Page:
Tate Britain’s Queer British Art 1861-1967, curated to mark the 50th anniversary of the partial decriminalisation of male homosexuality in England has ignited a conversation since its opening in April, an inquiry into representations of the self in a time when gender and sexuality were challenged by state and society alike. From pre-Raphaelite London, specifically 1861, the abolition of the death penalty for sodomy, to 1967, the exhibition traces queer sensibility from a time where modern inclusive terminology was not developed to include a sense of community. It playfully and tragically maps identities onto a larger political sphere, examining everything from domesticity and eroticism. And it is now ready to expand this conversation further.
King’s College London, in partnership with Tate Britain, is organising a workshop focusing on the exploration of proponents of British queer art from the mid-nineteenth century onwards. Envisioned as a summer weekend, the course will bring together speakers from King’s College London and Tate Britain alike lecturing on a range of genres (painting, installations, film, dance, literature) relating to LGBTQ identities.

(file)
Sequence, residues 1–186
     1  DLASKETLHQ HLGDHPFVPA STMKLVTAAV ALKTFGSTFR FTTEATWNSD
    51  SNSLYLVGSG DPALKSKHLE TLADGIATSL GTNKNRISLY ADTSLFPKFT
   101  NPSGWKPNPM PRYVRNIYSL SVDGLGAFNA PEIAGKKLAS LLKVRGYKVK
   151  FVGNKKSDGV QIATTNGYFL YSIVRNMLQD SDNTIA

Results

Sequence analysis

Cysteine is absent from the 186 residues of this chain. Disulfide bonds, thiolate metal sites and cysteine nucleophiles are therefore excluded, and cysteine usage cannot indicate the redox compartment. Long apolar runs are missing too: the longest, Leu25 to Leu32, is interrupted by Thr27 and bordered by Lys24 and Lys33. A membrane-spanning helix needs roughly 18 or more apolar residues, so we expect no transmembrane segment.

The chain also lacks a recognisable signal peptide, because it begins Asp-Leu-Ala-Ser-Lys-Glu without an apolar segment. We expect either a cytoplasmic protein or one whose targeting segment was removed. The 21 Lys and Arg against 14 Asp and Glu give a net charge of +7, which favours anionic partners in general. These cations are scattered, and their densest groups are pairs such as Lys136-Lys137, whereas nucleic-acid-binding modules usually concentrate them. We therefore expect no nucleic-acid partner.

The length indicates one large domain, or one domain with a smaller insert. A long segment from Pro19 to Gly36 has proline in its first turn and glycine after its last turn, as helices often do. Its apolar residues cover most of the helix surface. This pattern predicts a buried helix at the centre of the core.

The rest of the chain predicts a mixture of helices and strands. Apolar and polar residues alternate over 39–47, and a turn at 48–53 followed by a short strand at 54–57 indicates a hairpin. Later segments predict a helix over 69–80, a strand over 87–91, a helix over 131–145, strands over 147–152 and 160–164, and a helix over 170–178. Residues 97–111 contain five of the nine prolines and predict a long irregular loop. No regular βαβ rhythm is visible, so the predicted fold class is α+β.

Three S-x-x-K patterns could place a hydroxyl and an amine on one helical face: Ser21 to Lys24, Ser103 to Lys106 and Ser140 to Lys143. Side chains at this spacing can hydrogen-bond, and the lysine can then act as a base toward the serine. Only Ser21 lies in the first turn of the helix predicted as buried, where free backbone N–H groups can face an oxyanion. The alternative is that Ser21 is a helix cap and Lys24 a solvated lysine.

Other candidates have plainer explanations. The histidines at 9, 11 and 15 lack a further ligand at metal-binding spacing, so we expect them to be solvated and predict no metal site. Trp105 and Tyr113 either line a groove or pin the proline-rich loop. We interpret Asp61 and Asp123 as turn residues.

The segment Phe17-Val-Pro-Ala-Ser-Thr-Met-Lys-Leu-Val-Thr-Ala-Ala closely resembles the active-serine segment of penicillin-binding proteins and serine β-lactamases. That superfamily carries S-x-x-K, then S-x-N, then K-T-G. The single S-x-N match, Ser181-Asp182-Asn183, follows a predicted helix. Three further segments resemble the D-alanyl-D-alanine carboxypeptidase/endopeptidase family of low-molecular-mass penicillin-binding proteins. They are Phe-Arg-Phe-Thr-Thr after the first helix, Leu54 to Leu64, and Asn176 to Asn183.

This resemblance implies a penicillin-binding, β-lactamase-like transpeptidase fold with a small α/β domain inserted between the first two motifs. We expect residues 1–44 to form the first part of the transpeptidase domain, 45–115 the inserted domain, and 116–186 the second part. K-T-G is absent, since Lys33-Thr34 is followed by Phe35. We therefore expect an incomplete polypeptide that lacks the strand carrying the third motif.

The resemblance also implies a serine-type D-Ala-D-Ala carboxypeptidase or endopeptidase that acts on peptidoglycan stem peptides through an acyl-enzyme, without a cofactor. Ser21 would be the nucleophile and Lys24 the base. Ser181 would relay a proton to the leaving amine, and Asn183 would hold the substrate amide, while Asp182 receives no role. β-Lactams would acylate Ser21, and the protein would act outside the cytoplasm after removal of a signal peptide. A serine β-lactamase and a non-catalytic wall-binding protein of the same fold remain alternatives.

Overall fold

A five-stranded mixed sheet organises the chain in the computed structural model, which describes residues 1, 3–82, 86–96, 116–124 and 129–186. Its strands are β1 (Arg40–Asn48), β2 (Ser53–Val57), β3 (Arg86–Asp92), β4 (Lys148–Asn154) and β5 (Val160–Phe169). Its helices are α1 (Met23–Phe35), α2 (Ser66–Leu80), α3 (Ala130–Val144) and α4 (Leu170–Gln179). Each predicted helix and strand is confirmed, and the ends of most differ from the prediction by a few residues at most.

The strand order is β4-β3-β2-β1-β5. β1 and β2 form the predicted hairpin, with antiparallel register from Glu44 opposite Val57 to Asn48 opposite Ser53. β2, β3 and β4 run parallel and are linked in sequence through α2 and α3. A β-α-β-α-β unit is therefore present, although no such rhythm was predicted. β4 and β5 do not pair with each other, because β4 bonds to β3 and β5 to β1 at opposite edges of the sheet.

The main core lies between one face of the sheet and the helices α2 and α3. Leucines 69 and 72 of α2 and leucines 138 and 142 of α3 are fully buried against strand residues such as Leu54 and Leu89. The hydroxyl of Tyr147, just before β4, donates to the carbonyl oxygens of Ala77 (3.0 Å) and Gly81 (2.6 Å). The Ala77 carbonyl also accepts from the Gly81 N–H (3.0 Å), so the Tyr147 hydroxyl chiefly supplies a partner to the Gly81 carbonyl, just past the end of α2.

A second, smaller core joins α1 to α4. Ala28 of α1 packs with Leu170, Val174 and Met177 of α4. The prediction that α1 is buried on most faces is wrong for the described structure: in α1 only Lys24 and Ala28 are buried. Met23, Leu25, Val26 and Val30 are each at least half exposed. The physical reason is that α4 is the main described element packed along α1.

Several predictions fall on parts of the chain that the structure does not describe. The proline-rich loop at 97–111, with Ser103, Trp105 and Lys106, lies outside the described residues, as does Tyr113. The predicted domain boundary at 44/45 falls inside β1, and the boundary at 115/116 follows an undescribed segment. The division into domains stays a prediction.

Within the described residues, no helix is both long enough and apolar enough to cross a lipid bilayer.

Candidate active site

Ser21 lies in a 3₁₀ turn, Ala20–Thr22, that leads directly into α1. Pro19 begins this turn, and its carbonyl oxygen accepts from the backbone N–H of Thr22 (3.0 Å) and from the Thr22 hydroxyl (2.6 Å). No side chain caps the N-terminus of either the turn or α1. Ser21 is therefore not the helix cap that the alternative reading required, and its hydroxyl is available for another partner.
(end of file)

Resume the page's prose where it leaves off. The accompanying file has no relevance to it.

This bite-size course is open to the public, with a minimum age requirement of 18, and is aimed at those with a curiosity or interest queer history and contemporary culture. It is also relevant to students working on art history, sexuality, gender, queer identity and history, and human rights.
The course will take place on Saturday, 17th June, to Sunday the 18th. There is also an optional field trip to Charleston on the 15th of July, a visit to the country home of Bloomsbury Group artists Vanessa Bell and Duncan Grant.
The deadline to book a place is 31 May.
More information can be found here.
Duncan Grant, Bathing 1911 © Tate (header) Simeon Solomon, Sappho and Erinna in a Garden at Mytilene 1864 © Tate (body)